English Language & Usage Stack Exchange is a question and answer site for linguists, etymologists, and serious English language enthusiasts. Join them; it only takes a minute:

Sign up
Here's how it works:
  1. Anybody can ask a question
  2. Anybody can answer
  3. The best answers are voted up and rise to the top

In which cases is very used with the same meaning it has in a phrase like "the very minute after"? Is it a set phrase, or are there other similar phrases?

The very minute after I leave, they start taking my books from the shelf, reading them, and leaving them in the kitchen.

share|improve this question
up vote 5 down vote accepted

Very is acting here in a sense closer to its old meaning of truly, precisely, literally:

You’re the very man they’re looking for!

The very fact that we’re alive is a miracle.

The given sentence is very similar to:

Literally the minute after I leave, they start taking my books from the shelf…

The evolution that very underwent, from this older sense to its more common modern usage as an intensifier, is the very same shift in meaning that literally is now undergoing, to the chagrin of many pedants.

share|improve this answer
In that sense I would say the closest substitute word would be actual. – Orbling Feb 20 '11 at 18:02
"exact" or "self-same" would also be usable in this context. – Ben Voigt Feb 20 '11 at 22:13

When very is used in that context, it takes the place of mere, the form originally derived from the Latin merus (meaning pure or undiluted), a comparitive meaning "nothing less than" or "downright", or indeed "just", "only", "no more than".

In that context it particularly means immediately or "as soon as". It is pretty much always prefixed with "the".

The very idea of it.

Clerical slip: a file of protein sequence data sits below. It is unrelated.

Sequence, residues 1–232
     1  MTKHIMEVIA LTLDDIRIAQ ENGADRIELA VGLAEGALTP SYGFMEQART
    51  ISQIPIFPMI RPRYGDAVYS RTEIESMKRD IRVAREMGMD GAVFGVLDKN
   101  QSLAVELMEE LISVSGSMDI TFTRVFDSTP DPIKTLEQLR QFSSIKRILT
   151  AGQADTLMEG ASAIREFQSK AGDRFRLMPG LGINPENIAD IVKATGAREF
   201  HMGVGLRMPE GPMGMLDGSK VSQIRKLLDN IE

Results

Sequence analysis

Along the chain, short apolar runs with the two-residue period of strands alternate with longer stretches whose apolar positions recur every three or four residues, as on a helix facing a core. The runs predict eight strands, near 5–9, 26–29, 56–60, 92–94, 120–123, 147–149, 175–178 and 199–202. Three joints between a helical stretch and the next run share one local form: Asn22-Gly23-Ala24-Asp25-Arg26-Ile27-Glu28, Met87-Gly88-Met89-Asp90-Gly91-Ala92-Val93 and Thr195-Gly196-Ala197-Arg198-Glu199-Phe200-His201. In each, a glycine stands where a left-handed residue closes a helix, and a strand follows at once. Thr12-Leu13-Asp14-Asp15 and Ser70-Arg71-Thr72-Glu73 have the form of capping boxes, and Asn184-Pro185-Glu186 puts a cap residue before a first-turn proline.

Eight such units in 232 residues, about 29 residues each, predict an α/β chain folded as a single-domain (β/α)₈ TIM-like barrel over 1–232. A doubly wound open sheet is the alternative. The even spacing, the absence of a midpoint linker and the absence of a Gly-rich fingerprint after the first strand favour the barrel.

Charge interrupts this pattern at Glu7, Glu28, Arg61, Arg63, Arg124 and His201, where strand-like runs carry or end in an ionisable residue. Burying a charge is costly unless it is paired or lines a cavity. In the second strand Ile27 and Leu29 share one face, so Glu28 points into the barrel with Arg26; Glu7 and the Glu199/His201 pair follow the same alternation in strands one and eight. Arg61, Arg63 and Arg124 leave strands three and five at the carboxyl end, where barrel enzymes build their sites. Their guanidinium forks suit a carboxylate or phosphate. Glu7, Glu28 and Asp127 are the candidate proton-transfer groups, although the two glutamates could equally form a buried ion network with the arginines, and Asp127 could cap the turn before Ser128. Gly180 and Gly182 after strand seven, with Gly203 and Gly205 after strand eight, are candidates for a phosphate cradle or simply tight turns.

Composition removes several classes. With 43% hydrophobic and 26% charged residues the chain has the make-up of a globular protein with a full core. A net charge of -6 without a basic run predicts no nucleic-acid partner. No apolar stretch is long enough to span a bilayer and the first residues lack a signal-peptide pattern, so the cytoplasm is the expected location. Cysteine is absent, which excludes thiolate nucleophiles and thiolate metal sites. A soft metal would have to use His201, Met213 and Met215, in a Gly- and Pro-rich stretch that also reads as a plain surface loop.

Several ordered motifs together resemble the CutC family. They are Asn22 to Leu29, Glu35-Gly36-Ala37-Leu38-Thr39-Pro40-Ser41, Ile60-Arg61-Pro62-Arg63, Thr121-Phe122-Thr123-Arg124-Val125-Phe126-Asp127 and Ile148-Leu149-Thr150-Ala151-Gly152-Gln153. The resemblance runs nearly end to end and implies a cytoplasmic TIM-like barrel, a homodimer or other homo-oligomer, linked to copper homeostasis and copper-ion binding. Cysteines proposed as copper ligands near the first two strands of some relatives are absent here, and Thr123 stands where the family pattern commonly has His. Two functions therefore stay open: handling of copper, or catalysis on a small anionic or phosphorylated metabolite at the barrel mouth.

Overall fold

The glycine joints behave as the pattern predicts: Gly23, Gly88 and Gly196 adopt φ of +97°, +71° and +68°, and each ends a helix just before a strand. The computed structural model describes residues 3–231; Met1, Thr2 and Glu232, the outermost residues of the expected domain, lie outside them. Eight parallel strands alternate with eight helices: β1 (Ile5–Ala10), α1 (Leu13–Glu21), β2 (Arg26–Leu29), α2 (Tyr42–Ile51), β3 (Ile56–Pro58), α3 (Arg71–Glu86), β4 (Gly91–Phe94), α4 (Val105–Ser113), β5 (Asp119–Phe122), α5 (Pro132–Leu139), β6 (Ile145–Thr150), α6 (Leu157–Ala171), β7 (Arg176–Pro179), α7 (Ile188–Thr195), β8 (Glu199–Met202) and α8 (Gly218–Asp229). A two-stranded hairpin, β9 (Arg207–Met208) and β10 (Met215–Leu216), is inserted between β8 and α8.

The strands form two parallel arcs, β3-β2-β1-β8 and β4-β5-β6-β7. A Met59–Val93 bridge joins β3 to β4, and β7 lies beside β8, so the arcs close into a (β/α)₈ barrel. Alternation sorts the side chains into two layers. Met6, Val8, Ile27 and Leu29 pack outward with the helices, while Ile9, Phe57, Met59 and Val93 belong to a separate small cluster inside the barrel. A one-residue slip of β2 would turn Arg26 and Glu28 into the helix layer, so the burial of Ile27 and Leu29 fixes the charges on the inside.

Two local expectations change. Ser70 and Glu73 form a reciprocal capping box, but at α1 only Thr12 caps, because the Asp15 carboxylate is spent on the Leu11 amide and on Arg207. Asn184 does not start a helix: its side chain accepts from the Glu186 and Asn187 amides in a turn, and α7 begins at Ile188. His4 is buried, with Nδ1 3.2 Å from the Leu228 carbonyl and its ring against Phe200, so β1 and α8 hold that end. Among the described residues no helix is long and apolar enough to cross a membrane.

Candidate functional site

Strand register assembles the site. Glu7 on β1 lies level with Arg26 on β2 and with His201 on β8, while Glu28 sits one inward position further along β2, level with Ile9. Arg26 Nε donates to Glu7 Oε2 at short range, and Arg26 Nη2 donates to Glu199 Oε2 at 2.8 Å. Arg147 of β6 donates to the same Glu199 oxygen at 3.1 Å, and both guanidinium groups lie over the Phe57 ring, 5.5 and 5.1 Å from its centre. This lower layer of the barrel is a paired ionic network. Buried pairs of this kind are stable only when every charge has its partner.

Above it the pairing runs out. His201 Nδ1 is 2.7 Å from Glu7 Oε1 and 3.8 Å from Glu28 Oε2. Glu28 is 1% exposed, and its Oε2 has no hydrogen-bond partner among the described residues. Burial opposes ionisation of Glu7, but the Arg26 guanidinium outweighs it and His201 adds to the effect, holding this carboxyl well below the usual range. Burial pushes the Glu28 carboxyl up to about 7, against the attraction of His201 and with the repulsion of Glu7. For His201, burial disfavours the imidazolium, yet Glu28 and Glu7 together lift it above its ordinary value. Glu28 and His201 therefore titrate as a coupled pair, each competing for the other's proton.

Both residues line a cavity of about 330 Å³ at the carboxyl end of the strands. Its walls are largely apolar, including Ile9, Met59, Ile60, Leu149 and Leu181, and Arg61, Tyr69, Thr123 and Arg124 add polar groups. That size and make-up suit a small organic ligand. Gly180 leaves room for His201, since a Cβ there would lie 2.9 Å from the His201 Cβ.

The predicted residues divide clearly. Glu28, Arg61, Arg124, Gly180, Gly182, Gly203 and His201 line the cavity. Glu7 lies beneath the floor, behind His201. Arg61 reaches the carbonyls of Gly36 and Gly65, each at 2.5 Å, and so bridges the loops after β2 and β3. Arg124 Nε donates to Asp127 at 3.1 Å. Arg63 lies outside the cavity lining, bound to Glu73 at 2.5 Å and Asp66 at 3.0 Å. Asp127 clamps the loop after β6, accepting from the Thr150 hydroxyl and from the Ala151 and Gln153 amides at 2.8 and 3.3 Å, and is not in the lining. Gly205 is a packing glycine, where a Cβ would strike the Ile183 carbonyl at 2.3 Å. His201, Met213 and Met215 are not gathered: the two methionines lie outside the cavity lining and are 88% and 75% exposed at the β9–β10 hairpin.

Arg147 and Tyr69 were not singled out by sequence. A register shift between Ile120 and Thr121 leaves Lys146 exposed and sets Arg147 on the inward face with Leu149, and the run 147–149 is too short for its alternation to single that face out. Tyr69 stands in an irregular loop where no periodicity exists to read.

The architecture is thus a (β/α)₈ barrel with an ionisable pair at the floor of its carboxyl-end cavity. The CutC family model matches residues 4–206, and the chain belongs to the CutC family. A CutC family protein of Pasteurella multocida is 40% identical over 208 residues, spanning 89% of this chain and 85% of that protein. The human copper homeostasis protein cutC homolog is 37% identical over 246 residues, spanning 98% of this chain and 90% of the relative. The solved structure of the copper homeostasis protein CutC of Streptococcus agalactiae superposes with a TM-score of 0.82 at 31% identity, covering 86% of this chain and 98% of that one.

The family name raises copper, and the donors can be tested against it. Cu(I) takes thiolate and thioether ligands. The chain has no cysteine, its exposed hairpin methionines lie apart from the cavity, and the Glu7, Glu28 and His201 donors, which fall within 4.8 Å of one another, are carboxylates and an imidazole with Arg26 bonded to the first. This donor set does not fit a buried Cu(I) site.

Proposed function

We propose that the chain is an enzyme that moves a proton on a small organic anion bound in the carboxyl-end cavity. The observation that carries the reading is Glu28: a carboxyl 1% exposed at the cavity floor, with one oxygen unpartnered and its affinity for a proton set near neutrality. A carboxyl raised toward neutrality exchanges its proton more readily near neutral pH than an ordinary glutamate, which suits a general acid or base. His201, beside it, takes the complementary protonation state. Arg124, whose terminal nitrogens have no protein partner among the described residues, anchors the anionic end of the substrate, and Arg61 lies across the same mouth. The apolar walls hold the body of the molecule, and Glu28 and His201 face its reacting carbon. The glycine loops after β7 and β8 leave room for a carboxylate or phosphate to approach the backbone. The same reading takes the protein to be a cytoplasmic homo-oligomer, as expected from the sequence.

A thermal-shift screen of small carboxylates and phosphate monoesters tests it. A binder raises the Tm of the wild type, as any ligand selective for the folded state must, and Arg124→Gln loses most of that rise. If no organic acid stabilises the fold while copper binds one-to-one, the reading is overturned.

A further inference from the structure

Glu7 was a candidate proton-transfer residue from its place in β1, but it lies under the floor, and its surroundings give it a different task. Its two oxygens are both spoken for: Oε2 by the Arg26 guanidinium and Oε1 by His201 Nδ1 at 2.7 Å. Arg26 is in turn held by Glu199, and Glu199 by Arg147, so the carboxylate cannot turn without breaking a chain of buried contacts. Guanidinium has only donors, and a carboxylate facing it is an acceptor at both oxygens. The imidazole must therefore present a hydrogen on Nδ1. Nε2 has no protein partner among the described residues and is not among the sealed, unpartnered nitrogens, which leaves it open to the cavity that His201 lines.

The very best of luck.

That is the very worst thing that could have happened.

share|improve this answer

From dictionary.com:

"very: precise; particular: That is the very item we want."

It can be used with a variety of nouns. From http://pinedalepumpkinpatch.blogspot.com/2009/08/giant-pumpkin-in-making.html

"You may see the very pumpkin that you wish to purchase."

From http://fuckyeahtvpicspam.tumblr.com/post/379433655/daisy-what-do-you-say-the-very-second-were-done:

"DAISY: What do you say the very second we're done here, we go back to my place for a drink?"

share|improve this answer

Very is just a means to give emphasis to something. In your example, "The very minute after I leave..." gives emphasis to people taking the person's books the moment he/she leaves and so on (though I think the very minute I leave... is better usage). Another example of very used for emphasis is:

You're the very person I need to talk to...


This is the very book I was looking for

share|improve this answer

Your Answer


By posting your answer, you agree to the privacy policy and terms of service.

Not the answer you're looking for? Browse other questions tagged or ask your own question.